KABUL, Afghanistan- As United States troops withdraw from Afghanistan, malnourishment continues to spread, particularly among young children.
More than a decade after the fall of the Taliban government, extensive humanitarian aid and Western involvement intended to assist Afghanistan’s development and reconstruction threats have been spent in vain. Since 2012, cases of severe malnutrition among children have increased by at least 50 percent, according to the United Nations and the Afghanistan government.
Doctors Without Borders, the international medical assistance organization working to assist many Afghan-run hospitals, almost doubled the number of beds present in the pediatric wing of Bost Hospital, located in the capital of Helmand Province. But when 40 children to 50 children are treated daily and almost 200 children are admitted each month for acute malnutrition, even twice the number of beds is not enough. Because the children are so small, the lack of space has not deterred many from seeking care. They are, consequently, treated two or three to a bed.
Malnutrition, it seems, is increasing consistently among youth yet not among adults. One reason for this, posed by Dr. Nasreen Khan of Afghanistan’s Health Ministry, is that Afghan mothers are increasingly turning away from breast-feeding. And when so much of the milk the women use is powdered, a lack of access to clean water is absolutely detrimental to infants. Likewise, it is difficult for women who have many children to provide their children with enough sustenance, be it by breast or by bottle. This predicament is perpetuated by ongoing war.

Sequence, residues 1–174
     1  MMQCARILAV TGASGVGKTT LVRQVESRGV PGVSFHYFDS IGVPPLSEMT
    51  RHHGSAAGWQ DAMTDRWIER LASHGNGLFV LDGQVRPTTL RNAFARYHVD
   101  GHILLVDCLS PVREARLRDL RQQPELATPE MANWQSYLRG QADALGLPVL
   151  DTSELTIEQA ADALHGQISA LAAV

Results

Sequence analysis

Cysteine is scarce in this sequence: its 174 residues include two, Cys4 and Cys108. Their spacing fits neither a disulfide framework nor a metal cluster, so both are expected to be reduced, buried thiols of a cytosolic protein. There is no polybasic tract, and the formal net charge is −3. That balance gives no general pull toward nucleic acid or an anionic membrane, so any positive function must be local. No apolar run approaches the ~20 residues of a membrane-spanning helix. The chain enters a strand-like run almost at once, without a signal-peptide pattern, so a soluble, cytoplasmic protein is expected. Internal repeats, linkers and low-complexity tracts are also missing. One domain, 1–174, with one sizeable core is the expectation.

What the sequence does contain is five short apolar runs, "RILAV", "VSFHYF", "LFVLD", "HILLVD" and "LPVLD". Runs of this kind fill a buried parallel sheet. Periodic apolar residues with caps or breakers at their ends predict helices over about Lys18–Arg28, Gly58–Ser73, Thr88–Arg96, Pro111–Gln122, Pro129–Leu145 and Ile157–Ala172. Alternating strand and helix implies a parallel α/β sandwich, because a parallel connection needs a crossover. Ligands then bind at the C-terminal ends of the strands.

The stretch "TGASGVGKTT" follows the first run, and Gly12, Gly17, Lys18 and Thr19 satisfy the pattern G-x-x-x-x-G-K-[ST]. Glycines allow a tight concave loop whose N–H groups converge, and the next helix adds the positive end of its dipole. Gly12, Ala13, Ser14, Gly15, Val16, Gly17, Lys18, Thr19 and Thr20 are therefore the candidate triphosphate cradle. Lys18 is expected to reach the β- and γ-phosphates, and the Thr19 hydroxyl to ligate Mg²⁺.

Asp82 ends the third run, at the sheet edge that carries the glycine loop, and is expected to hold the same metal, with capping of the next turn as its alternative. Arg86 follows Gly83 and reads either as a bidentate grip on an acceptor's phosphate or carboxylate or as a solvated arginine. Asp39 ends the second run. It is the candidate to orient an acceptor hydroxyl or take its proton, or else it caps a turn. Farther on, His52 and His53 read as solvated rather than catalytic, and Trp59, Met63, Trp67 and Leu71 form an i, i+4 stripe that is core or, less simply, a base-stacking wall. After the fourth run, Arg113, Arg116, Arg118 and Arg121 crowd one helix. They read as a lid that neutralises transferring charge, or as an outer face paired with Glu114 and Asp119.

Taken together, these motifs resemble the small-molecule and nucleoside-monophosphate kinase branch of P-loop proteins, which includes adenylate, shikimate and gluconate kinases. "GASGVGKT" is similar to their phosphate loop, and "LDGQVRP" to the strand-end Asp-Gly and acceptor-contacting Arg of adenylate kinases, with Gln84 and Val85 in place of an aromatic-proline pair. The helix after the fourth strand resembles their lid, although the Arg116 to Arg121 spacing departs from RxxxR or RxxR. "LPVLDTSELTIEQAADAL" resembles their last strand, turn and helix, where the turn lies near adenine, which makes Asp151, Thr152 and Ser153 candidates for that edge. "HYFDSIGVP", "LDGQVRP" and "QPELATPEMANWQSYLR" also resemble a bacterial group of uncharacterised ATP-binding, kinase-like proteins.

The majority of severely increasing malnutrition cases has been reported mostly in provinces that have witnessed a large amount of the wreckage from war, such as Helmand, Kandahar, Kunar, Farah, Paktia and Paktika. Violence continues to plague Afghans and, as foreign troops begin to withdraw from the country, Afghanistan endures as one of the world’s poorest countries. Such extensive poverty, present in this manner, stunts the development both of Afghan children and the country as a whole.
Afghan youth face lifelong disadvantages as a result of the acute malnutrition they experience. According to a study conducted by the World Bank, children who live in communities that use toilets are on average two centimeters taller than those who live in communities without toilets. Yet aside from smaller size as a result of lower standards of sanitation, inadequate nutrition presents even more disruptive effects.
A lack of iron, for example, reduces brain development, essentially lowering concentration and memory abilities. Insufficient iodine and Vitamin A produces similar such crippling impairments that directly contribute to higher death rates among children under the age of five.
So after billions of dollars and a multitude of lives lost, poverty still plagues the future of Afghanistan. It is imperative, then, to focus on methods to solve this catastrophic conundrum. Acute malnutrition, studies have discovered, can often be resolved with relative speed simply with a constant supply of Plumpy’Nut, a peanut-based paste that provides essential vitamins and nutrients to bring children back to a healthy state.
The benefits of supplying supplements such as this can bring returns up to 100 times more than the initial cost. Now that is something worth mulling over.
– Jaclyn Stutz
Sources: Nation, NY Times, The Guardian
Photo: Nigel Green Media